Freedom of the Press
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Press Freedom Score (0 = best, 100 = worst)
Legal Environment(0 = best, 30 = worst)
Political Environment(0 = best, 40 = worst)
Economic Environment(0 = best, 30 = worst)
- The media environment in Nepal remained generally constant from 2008 to 2009, with a continuation of high levels of violence and intimidation toward journalists. Nevertheless, conditions in recent years have represented an improvement over the period that ended in 2006, when massive street protests toppled the direct rule of King Gyanendra Bir Bikram Shah Dev and led to a peace accord with Maoist rebels.
- The law guarantees freedom of the press, and Nepalese media were active and provided diverse views in 2009, but a number of threats to media freedom remain. In December 2008, the Federation of Nepali Journalists and the government signed a 10-point agreement to address the federation’s complaints regarding attacks on the media and insufficient press freedom safeguards. The agreement called for the formation of a high-level taskforce to recommend policy changes, but it had yet to be implemented at the end of 2009.
- While the 2007 Freedom of Information Act was generally welcomed by press freedom groups, it has been criticized for its requirement that applicants submit reasons for their requests, and its lack of a public-interest override that would allow the disclosure of classified or private information.
- Violence against journalists and impunity for the perpetrators remained serious problems in 2009. Journalist Uma Singh was beaten to death in Janakpur in January 2009 by a group of approximately 15 men. Police arrested several suspects but did not identify a motive for her murder, despite the fact that Singh’s recent articles about the dowry system had caused some controversy in the area. The year also featured frequent nonfatal attacks on journalists, including the December beating of Teeka Bista following her publication of critical articles about the Communist Party of Nepal (Maoist). The assault left her hospitalized with severe back and head injuries.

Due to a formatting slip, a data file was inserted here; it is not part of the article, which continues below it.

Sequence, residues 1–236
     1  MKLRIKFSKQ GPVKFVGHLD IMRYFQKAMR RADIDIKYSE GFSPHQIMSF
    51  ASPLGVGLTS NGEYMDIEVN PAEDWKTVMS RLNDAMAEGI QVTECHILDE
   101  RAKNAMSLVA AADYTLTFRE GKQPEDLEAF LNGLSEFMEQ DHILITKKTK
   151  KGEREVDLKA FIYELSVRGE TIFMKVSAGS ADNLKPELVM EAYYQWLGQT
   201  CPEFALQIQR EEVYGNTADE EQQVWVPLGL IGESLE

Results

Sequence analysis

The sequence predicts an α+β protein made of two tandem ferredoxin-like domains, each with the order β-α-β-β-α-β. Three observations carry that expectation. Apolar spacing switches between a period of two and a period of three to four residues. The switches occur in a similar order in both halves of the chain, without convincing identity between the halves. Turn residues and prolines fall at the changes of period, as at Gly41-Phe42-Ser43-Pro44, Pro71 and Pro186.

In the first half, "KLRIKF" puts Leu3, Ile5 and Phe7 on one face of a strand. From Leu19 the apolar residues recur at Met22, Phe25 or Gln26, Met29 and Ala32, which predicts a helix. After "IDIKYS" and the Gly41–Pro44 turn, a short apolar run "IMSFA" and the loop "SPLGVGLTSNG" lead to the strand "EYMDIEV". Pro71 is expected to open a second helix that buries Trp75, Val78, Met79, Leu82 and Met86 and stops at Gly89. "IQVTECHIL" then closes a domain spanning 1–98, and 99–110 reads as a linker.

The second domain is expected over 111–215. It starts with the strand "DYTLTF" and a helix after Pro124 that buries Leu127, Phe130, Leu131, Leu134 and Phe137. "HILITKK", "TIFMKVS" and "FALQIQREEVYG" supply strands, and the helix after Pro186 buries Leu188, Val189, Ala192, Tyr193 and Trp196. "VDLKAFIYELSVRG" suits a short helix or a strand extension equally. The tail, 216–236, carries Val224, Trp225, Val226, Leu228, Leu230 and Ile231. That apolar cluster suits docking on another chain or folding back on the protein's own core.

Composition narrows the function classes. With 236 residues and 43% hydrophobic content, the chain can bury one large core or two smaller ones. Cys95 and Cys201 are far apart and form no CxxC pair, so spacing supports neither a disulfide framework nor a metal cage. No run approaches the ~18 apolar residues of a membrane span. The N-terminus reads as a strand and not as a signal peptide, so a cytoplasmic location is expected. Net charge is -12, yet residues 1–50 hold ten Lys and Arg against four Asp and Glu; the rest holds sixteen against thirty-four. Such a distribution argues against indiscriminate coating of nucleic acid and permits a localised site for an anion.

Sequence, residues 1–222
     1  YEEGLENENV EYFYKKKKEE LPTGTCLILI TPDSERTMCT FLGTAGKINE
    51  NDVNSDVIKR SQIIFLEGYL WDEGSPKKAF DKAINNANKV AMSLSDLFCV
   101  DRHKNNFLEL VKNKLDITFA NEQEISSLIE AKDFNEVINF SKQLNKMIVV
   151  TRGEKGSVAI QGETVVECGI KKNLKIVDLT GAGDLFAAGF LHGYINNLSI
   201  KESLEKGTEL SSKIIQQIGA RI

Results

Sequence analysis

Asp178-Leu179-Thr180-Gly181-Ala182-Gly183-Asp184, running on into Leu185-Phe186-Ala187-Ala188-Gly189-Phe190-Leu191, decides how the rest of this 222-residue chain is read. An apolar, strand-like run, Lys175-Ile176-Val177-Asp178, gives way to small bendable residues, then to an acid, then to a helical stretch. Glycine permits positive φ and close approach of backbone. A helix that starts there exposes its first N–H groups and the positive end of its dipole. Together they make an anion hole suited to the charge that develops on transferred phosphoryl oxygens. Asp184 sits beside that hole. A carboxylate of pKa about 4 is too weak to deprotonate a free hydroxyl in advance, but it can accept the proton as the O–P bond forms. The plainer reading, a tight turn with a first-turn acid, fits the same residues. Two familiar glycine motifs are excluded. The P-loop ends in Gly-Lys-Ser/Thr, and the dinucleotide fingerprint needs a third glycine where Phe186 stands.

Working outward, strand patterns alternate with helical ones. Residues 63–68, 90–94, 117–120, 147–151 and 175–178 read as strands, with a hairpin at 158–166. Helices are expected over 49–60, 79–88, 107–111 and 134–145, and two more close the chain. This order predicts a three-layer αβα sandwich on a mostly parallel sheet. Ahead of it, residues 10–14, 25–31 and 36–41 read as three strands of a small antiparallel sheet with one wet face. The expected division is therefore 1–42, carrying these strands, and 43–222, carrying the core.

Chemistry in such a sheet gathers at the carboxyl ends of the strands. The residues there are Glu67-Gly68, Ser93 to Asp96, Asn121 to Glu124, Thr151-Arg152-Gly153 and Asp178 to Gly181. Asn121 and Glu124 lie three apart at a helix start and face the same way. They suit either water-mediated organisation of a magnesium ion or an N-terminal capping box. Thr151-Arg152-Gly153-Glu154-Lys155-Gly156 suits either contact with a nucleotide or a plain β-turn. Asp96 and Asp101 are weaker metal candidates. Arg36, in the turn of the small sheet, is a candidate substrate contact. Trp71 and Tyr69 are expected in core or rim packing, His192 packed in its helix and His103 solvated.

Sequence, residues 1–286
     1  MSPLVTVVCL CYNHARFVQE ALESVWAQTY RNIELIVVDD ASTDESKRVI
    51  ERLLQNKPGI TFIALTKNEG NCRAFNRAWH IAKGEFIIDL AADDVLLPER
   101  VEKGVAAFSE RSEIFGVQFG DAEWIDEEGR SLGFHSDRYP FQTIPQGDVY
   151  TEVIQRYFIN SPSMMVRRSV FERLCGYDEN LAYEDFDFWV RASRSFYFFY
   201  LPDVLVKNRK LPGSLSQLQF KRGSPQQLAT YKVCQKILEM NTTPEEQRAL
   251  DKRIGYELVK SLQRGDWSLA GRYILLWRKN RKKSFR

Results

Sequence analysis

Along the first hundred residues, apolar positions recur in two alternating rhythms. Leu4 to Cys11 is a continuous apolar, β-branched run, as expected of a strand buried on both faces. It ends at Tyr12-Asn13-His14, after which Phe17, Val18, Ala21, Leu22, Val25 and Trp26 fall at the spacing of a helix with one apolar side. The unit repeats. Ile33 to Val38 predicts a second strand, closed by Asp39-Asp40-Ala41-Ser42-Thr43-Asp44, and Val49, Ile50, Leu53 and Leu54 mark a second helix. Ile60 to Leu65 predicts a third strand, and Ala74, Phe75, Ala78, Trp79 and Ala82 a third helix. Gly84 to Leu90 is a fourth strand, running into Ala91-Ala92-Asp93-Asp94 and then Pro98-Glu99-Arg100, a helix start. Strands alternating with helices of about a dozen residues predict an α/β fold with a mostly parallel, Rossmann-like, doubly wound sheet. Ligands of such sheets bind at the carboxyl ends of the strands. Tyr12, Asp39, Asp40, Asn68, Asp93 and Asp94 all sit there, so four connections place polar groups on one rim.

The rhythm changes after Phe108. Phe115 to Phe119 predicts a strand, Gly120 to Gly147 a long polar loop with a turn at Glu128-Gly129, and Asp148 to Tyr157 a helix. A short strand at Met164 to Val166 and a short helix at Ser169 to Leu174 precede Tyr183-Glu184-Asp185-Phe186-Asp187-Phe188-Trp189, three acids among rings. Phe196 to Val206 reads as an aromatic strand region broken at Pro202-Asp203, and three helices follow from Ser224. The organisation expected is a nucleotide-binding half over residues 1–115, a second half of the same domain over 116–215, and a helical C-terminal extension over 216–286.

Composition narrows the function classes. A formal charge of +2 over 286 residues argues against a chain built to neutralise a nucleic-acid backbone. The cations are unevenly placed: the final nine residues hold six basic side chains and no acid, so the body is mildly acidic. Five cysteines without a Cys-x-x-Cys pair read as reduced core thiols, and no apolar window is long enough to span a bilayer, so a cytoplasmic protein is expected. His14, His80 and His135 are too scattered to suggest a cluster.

- Supporters of political parties—most commonly groups affiliated with the Maoists or the Nepali Congress party—regularly threatened or attacked critical journalists. On several occasions during the year, Maoists threatened journalists and stole and destroyed copies of critical newspapers.
- The southern Terai region remained a hostile environment for journalists. In August 2009, members of the Madhes Terai Forum, a political party based in the area, stole and burned 15,000 copies of three Nepali-language newspapers in the street. Also in August, members of the Terai Madhes Democratic Party attacked three journalists covering a party dispute.
- The government owns several of the major English-language and Nepali dailies, as well as the influential Radio Nepal and Nepal Television Corporation, the country’s main television station.
- Private FM and community radio stations, which together with the national radio network reach some 90 percent of the population, are a primary source of news and information, particularly in rural areas.
- There were no reports that foreign media were banned or censored in 2009.
- There were also no reports that the authorities monitored e-mail or blocked websites, though the internet was accessed by little more than 2 percent of the population.